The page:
We have succesfully published our in vitro services in probiotic research!

Ex vivo anti-inflammatory effects of probiotics for periodontal health

Tim Schmitter, Bernd L. Fiebich, Joerg T. Fischer, Max Gajfulin, Niklas Larsson, Thorsten Rose, Marcus R. Goetz
J Oral Microbiol. 2018; 10(1): 1502027. Published online 2018 Jul 25. doi: 10.1080/20002297.2018.1502027

ABSTRACT

Background: Probiotic bacteria with anti-inflammatory properties have the potential to be of therapeutic benefit in gingivitis.

Objective: To evaluate the effects of potential probiotic strains on inflammatory mediators involved in early gingivitis using an ex vivo inflammation model.

Methods: Strains were screened in viable and attenuated forms for effects on bacterial lipopolysaccharide (LPS)-stimulated release of interleukins (IL)-1β, -6 and -8, tumor necrosis factor-α, prostaglandin E2 and 8-isoprostane from human primary monocytes, and then, if anti-inflammatory effects were shown, on IL-1β-stimulated release of inflammatory mediators from primary gingival fibroblasts. Lead strains were evaluated for optimal dosing, batch-to-batch variation and functional consistency in toothpaste.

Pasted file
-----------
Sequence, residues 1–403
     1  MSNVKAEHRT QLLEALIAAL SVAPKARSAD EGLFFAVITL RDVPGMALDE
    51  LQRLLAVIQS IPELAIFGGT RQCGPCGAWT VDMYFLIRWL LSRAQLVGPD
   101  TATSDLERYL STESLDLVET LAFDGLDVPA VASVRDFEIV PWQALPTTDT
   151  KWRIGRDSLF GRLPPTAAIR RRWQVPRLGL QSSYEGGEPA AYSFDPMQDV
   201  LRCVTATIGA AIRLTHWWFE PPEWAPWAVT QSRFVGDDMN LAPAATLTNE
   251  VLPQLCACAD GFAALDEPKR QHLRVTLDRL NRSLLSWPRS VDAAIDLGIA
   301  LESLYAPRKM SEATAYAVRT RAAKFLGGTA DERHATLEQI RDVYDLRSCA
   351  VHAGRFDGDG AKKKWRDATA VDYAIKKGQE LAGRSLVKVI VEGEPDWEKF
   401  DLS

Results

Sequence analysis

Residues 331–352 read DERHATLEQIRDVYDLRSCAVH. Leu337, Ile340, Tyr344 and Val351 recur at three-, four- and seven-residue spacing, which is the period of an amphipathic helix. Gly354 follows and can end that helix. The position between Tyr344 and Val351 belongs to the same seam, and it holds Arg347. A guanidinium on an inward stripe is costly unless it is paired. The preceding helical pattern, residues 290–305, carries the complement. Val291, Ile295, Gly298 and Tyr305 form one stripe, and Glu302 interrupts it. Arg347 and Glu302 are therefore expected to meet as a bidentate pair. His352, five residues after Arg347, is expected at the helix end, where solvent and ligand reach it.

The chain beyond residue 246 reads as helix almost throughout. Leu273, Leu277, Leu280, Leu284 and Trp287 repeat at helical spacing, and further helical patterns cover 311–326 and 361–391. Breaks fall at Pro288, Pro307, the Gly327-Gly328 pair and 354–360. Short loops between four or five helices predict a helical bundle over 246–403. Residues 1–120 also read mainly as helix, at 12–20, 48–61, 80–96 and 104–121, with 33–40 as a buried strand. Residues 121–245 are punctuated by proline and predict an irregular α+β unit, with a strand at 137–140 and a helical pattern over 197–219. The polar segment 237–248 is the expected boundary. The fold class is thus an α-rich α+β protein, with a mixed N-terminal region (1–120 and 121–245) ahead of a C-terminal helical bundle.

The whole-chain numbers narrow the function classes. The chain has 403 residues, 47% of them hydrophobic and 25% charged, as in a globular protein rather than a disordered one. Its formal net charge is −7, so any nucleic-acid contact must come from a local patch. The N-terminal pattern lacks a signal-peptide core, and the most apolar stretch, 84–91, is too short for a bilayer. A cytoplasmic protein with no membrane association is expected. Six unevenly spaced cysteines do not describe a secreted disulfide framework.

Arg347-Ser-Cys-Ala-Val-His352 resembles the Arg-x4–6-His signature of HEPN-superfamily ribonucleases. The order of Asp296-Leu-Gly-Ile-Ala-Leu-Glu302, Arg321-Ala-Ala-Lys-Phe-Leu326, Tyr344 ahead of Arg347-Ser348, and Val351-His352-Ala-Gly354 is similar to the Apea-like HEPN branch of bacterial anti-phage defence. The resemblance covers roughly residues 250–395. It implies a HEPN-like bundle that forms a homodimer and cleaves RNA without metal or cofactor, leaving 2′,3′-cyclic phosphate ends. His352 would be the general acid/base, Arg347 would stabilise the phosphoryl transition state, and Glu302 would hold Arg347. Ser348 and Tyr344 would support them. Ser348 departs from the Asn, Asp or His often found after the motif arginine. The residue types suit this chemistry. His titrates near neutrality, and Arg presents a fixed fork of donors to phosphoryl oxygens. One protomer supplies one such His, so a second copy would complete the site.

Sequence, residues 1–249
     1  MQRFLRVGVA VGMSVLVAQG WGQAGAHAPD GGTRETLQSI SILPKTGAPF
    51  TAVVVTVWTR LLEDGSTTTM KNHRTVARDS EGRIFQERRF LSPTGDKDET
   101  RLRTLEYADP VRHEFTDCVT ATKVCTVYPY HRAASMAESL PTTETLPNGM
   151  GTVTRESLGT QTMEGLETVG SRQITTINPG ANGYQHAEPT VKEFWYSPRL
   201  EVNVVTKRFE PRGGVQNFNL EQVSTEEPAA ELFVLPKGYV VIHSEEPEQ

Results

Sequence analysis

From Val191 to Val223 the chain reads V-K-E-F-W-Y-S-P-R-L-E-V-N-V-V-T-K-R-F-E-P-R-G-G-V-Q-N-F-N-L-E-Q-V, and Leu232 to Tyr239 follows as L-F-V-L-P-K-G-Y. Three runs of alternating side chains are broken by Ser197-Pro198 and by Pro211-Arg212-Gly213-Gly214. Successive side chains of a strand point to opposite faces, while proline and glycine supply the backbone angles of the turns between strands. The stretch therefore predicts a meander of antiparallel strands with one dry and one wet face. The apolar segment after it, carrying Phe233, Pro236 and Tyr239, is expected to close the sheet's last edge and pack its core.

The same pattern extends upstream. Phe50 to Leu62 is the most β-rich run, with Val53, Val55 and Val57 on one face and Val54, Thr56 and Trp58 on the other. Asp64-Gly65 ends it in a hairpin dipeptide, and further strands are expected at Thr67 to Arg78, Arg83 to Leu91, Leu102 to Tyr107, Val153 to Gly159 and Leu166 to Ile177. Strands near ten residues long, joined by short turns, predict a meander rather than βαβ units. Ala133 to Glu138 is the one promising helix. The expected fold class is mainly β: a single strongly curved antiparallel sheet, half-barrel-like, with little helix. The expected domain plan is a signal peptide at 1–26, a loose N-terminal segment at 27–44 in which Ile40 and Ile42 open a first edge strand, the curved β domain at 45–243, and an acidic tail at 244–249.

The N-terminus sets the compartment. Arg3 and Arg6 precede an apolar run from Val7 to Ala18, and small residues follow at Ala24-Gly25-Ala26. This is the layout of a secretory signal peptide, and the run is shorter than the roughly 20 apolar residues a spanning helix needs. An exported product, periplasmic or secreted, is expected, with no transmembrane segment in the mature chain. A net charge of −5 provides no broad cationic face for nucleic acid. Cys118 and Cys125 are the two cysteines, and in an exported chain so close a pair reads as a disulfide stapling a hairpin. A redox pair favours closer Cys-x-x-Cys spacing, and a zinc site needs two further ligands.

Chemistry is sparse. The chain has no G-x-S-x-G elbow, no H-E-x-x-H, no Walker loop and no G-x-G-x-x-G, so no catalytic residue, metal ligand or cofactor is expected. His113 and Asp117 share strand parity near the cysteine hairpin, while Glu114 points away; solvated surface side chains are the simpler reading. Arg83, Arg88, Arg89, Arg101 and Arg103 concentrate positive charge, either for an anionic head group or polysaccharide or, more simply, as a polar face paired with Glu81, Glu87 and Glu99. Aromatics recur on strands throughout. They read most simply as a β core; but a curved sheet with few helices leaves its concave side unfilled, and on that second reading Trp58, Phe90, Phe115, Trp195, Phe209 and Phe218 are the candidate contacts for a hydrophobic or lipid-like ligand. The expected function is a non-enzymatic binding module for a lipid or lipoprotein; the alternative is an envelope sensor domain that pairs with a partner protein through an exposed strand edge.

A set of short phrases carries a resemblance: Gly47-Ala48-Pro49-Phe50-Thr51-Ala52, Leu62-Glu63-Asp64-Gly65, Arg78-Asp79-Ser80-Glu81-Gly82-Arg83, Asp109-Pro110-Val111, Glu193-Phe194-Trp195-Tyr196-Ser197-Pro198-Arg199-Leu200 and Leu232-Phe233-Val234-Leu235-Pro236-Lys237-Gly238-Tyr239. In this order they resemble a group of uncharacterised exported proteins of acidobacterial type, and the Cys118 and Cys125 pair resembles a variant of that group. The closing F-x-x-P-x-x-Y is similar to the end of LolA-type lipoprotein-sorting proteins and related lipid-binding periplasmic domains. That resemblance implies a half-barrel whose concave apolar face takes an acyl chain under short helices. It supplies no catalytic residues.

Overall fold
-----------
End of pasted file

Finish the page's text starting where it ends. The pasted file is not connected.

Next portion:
Results: Twenty-one of 73 strains showed anti-inflammatory effects in monocytes; of which, seven showed effects in both viable and attenuated forms. Seven of 14 strains showed effects in fibroblasts. Strains Lactobacillus paracasei LPc-G110(SYBIO-15) and Lactobacillus plantarum GOS42(SYBIO-41) induced statistically significant dose-dependent reductions in the release of multiple inflammatory mediators from monocytes, which were consistent across batches. Viable L. paracasei LPc-G110 tooth paste significantly reduced IL-6, IL-8 and prostaglandin E2 release from monocytes versus placebo.

Conclusion: Strains L. paracasei LPc-G110 and L. plantarum GOS42 have potential for use as probiotics in oral care products to reduce gingival inflammation.

KEYWORDS: Gingivitis, inflammation, bacteria, oral hygiene, dental plaque, biofilms, probiotics